For agencies, limited resources are a major challenge to scaling workforce innovations

After gathering feedback from agency leaders, the Office of Personnel Management has found common limitations that are leading to challenges with long-term work...

As agency leaders approach another opportunity to share their biggest pain points in workforce planning, the Office of Personnel Management has pointed out some common challenges agencies are currently facing.

Limited resources are the greatest impediment to agencies’ ability to bring human resources innovations to scale, OPM said in a recent report summarizing findings from human capital reviews during fiscal 2023.

Last year, OPM spent several months interviewing agency chief human capital officers (CHCOs) and other workforce leaders about their challenges in everything from recruitment and retention to long-term workforce planning.

Many CHCOs, as summarized by OPM, said during the 2023 human capital reviews that without the right staffing, skills and structure in federal HR shops, advancements in workforce planning will likely fall short. Limitations in both budget and HR restrict agencies’ capacity to explore opportunities and take innovations to scale, OPM said.

At the same time that CHCOs face budget challenges, they are also becoming more interested in using data analytics to track progress and inform their decisions for workforce planning.

“Most agencies have a common desire to maximize the use of data through dashboards and integrated datasets,” OPM said.

Agencies have plenty of human capital data available to them, but often not enough expertise and capacity to properly manage it. CHCOs are looking for more help from OPM to understand the workforce data, as well as get additional training and tools for HR specialists and managers to implement effective workforce planning and analysis.

“While the need to automate and make better use of data is widely felt, agencies are hampered by disparate systems and lack of centralized data governance,” OPM said.

A decentralized system can hinder certain aspects of the employee lifecycle, like onboarding or training and development — particularly at large agencies, OPM said. If a large department doesn’t have consistency across its components, workforce planning is much more difficult.

“Agencies noted that ensuring the onboarding experience is consistent among employees, particularly in large agencies with dispersed workforces when the agency has limited technology, is an ongoing challenge,” OPM said.

During the 2023 human capital reviews, agencies also asked OPM for broader support with workforce planning — with help defining job analyses and classifications, creating a hiring manager guide and offering automated tools to help wade through frustrations with the often-difficult civil service system.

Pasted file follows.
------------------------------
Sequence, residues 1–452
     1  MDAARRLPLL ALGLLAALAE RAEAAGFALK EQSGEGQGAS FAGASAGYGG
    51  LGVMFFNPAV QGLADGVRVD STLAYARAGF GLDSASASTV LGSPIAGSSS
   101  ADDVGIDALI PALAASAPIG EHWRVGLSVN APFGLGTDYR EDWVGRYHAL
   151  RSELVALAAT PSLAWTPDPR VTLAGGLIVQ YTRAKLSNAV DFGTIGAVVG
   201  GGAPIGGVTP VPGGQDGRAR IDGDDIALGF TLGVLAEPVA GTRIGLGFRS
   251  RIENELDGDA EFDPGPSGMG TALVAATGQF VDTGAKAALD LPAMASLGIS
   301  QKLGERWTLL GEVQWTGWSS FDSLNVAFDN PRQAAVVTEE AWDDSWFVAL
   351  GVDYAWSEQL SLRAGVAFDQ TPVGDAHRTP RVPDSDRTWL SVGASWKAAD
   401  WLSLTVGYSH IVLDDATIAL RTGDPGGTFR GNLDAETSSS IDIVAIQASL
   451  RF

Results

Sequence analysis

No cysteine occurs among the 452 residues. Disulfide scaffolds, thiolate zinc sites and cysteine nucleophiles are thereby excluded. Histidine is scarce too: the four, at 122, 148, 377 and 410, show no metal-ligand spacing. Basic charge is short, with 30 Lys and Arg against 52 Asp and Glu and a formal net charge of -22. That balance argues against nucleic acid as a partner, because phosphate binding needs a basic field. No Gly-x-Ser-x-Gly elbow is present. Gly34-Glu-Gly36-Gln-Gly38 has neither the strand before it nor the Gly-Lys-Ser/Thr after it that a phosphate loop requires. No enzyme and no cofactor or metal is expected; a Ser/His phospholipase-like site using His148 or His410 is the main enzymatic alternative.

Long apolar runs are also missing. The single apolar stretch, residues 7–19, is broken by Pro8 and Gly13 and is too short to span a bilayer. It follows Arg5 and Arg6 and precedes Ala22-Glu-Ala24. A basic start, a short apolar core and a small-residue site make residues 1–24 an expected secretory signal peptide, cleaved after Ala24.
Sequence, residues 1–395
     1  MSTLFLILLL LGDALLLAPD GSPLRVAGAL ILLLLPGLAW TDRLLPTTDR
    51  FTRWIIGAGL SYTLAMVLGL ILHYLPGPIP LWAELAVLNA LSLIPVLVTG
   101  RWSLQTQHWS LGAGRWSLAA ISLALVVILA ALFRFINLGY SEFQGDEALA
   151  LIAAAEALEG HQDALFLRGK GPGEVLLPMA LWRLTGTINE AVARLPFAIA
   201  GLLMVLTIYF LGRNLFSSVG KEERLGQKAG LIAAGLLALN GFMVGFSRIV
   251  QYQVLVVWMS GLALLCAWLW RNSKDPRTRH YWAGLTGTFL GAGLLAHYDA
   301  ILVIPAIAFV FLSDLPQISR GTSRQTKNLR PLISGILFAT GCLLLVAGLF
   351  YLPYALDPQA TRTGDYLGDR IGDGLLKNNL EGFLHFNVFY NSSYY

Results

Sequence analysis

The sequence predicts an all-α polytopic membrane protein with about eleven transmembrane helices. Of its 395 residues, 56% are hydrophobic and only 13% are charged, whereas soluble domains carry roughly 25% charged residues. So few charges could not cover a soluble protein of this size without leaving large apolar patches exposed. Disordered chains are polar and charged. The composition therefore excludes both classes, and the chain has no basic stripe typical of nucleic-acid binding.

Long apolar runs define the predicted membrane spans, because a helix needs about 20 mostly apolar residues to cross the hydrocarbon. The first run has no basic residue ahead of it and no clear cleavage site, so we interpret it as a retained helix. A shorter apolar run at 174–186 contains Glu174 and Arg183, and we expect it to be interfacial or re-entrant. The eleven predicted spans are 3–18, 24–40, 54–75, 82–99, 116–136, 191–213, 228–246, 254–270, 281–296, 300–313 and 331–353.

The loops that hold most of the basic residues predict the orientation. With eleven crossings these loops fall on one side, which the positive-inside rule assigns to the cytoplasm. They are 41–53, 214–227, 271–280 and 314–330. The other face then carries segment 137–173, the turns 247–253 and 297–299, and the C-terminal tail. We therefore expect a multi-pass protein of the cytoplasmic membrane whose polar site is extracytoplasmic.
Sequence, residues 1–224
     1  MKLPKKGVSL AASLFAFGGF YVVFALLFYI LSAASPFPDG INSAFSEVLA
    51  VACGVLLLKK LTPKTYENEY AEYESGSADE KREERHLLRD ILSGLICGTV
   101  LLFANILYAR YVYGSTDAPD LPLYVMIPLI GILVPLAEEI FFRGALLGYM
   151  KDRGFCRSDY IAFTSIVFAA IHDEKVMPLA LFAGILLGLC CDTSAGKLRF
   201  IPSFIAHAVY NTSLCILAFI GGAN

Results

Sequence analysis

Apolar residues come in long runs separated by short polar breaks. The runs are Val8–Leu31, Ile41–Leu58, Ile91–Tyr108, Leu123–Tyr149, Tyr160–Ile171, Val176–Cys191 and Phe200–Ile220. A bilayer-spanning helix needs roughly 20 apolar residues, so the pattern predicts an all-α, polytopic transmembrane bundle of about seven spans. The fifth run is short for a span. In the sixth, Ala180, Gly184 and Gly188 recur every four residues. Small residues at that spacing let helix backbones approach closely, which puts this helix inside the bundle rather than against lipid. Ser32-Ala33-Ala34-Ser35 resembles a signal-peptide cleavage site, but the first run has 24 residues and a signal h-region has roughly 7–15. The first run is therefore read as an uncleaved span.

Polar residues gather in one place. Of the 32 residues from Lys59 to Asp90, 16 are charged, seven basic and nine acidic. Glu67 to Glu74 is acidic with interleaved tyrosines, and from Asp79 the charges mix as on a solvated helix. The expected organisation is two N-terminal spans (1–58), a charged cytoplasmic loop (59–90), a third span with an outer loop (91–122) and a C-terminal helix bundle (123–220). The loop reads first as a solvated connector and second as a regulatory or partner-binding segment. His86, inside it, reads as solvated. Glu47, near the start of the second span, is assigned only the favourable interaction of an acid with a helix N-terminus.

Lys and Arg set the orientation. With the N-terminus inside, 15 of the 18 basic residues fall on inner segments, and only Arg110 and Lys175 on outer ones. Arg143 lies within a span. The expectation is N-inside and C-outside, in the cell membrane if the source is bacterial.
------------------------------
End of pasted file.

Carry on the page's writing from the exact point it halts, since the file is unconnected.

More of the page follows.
Moving forward, CHCOs asked OPM to collaborate more closely with stakeholders to collect and share innovative and leading practices in workforce planning. And as OPM plans to ramp up pooled hiring this year, agencies said there are specific areas to consider for those actions.

“One recommendation was to create a governmentwide student intern announcement to allow for sharing certificates and assessment tools to streamline hiring of interns,” OPM said.

Some agencies have made notable advancements in their workforce planning. The Education Department, for example, created an interactive workforce dashboard for agency leaders to better understand workforce needs, and developed a “workforce maturity model” to detail what an ideal workforce plan would look like.

To better understand the funding it needs, Education also ran different hiring scenarios and modeled budget projections as a way to lay the foundation for future workforce planning.

At NASA, agency leaders used dashboards to consolidate workforce data across all its components. The agency then used the information for workforce planning, projecting turnover, and figuring out where there may be significant recruitment activities.

Overall, NASA reduced its time-to-hire from 134 days to 71 days by centralizing its recruitment activities.

OPM also outlined more goals to help agencies with their workforce planning. OPM plans to launch a “future of the workforce” team that will work to create a workforce planning guide, host an introductory webinar, and identify immediate challenges for agencies. The team then plans to help agencies build workforce planning strategies and provide technical assistance as agencies request it.

Additionally, OPM plans to set up a “community of practice” to let agencies collaborate, share best practices and support each other in workforce planning goals.

Working within the resources OPM has currently available, OPM Deputy Director Rob Shriver said the key is to focus on what priorities will have the best effects for agencies governmentwide.

“I talk a lot to the team about what I call ‘ruthless efficiency,’” Shriver said in a recent interview with Federal News Network. “That means we must take a look at what we’re doing, and constantly be prioritizing our efforts and aligning our resources to the things that are most important and most impactful.”

Coming up, agency leaders have another opportunity to share their ideas and feedback on workforce planning. This week, OPM announced plans for its next round of yearly human capital reviews.

The upcoming reviews will focus on agencies’ progress in using data to adjust human capital strategies, and the remaining needs for skills and processes in data analytics.

Agencies must share their main point of contact for the reviews with OPM by Jan. 24, and the reviews will begin in March. The feedback from CHCOs and other federal HR leaders will then feed into the next iteration of OPM’s human capital review report.

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